MSCD was rare (1.9%) but occurred in 2.8% of unprotected women. Compared with vaccinated women, unprotected participants were more often younger, had symptoms, were foreign-born, and had less education.

Other risk factors for MSCD were chronic conditions (odds ratio [OR], 2.86) and being born in Asia (OR, 3.05). More preterm and caesarean births occurred among MSCD patients than among the mildly ill (32.0% vs 8.4% and 52.0% vs 31.6%, respectively).

Of the 41 MSCD patients, 27 of 29 unprotected women were unvaccinated, and two received two doses before pregnancy. Among the 12 protected women, three received a booster dose, and nine had two doses, one each before and during pregnancy. Seven of eight severe illnesses and one maternal death occurred among unprotected participants.

MSCD patients delivered a greater proportion of babies admitted to a neonatal intensive care unit, probably owing to their higher rate of preterm birth.

Of the 41 MSCD patients, 27 of 29 unprotected women were unvaccinated, and two received two doses before pregnancy.

"Transplacental transfer of maternal antibodies following SARS-CoV-2 vaccination during pregnancy can protect the mother and neonate throughout the first six months of life," the authors wrote.

Resistant H pylori infections linked to use of antibiotics for COVID-19

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Antibiotic treatments for Heliobacter pylori infections showed lower-than-accepted eradication rates in patients previously treated for COVID-19, according to the results of a randomized trial published last week in BMC Infectious Diseases.

In the trial, conducted in Egypt from Mar 21, 2021, to Sep 30, 2021, investigators enrolled 270 patients with newly diagnosed H pylori infections who had been treated for COVID-19 more than 3 months before enrollment. The patients were randomized to receive the first-line treatment of clarithromycin, esomeprazole, and amoxicillin or the alternative regimen of levofloxacin, esomeprazole, and amoxicillin. H pylori is the main causative organism of chronic gastritis, peptic ulcer disease, and gastric carcinoma.

A total of 116 patients in the clarithromycin group and 117 patients in the levofloxacin group were assessed. The eradication rates in the intention-to-treat and per-protocol analyses were 55.56% and 64.66%, respectively, in the clarithromycin arm and 64.44% and 74.36%, respectively, in the levofloxacin arm. While the eradication rate using levofloxacin was higher than that of the clarithromycin-based regimen, the difference did not reach statistical significance, and both regimens had an unacceptable rate of eradication.

Although they did not document which type of antibiotics the patients had been treated with for COVID-19, the investigators suggest the extensive use of azithromycin (which has cross-resistance with clarithromycin) and levofloxacin to treat COVID-19 patients may have resulted in the accumulation of mutations in H pylori—a bacterium present in 50% to 75% of the world's population—that confer resistance.

They say the findings should "raise the alarm" about the impact that widespread antibiotic use for COVID-19, particularly during the first year of the pandemic, has had on antibiotic resistance. "This rising resistance can adversely impact the costs of H. pylori treatment and increase the risk of H. pylori related diseases," they wrote. "Further studies enrolling a larger number of patients with molecular and genetic testing are needed to elucidate the exact mechanism of antibiotic resistance of H. pylori in such patients."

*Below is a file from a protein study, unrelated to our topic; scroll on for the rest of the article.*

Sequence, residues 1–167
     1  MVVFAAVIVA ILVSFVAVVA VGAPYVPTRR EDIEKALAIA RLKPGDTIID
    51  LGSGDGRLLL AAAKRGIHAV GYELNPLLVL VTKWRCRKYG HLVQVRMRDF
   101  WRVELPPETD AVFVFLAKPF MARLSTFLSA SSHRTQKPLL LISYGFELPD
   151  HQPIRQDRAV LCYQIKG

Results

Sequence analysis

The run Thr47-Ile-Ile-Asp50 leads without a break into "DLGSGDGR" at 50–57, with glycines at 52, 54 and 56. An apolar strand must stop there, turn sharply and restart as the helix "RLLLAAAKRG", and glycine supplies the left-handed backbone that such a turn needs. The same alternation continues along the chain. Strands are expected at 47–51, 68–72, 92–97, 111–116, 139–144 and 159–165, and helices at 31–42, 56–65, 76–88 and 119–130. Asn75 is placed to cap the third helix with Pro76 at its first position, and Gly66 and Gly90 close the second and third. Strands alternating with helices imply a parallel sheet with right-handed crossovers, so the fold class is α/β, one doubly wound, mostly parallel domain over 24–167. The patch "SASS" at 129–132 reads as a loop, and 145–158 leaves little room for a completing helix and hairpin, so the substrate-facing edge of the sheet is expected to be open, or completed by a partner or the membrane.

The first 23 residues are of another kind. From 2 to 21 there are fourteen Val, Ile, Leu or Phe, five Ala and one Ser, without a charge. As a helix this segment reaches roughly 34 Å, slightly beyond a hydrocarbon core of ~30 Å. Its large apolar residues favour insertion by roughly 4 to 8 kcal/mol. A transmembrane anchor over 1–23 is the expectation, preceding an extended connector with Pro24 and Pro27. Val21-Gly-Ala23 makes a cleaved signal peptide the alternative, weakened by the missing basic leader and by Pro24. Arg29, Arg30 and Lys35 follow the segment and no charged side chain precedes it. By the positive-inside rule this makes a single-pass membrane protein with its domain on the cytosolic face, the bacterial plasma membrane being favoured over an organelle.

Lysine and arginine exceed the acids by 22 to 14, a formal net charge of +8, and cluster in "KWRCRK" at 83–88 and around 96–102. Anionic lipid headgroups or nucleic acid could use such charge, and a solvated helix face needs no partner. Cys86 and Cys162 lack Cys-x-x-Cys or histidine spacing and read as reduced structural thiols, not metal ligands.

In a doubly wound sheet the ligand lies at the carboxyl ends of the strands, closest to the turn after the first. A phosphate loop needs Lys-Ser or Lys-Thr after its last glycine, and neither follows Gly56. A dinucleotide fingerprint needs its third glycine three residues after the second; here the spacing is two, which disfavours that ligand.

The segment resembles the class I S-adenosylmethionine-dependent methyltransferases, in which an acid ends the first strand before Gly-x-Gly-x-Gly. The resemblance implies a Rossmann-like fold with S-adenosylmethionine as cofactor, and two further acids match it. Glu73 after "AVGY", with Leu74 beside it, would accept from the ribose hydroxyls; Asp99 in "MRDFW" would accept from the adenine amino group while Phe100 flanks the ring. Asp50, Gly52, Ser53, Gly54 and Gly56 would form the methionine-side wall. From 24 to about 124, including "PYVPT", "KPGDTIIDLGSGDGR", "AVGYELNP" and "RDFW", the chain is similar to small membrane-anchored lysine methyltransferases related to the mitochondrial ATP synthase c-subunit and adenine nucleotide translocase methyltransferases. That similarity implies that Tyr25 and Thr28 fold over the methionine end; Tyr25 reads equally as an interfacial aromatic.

More Salmonella cases reported in outbreak tied to pet bearded dragons

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Bearded dragon
Frank Paul Silye / Flickr cc

A pair of Salmonella outbreaks linked to pet bearded dragons, first announced in October, has sickened at least nine more people in five more states, the Centers for Disease Control and Prevention (CDC) said in a Jan 20 update.

The added cases bring the total to 32 infections from 20 states. Ten people have been hospitalized, and no deaths have been reported. The outbreaks involve two Salmonella serotypes: Vitkin (12 cases) and IIIb 61:z52:z53 (20 cases).

Of the sick people, 47% were children. Of the 25 people interviewed, 16 had contact with a pet bearded dragon before they got sick. The latest illness onset was Nov 20.

Among the Salmonella Vitkin infections, investigators are still working to determine if there is a common supplier. Four patients bought their pets from different stores. In the Salmonella IIIb 61:z52:z53 outbreak, public health officials from Utah and Colorado have identified the outbreak strain from a sick person's bearded dragon and its habitat. Patients bought their pets from different stores, and efforts are still under way to identify a common supplier. Sequencing from 30 patient samples predicted resistance to ciprofloxacin, though most people recover without antibiotic treatment.

Pet bearded dragons have been linked to several past Salmonella outbreaks, including one announced in January 2022 involving Salmonella Uganda that sickened 56 people from 26 states. The CDC urges people to wash their hands after handling bearded dragons and to avoid kissing or snuggling with them.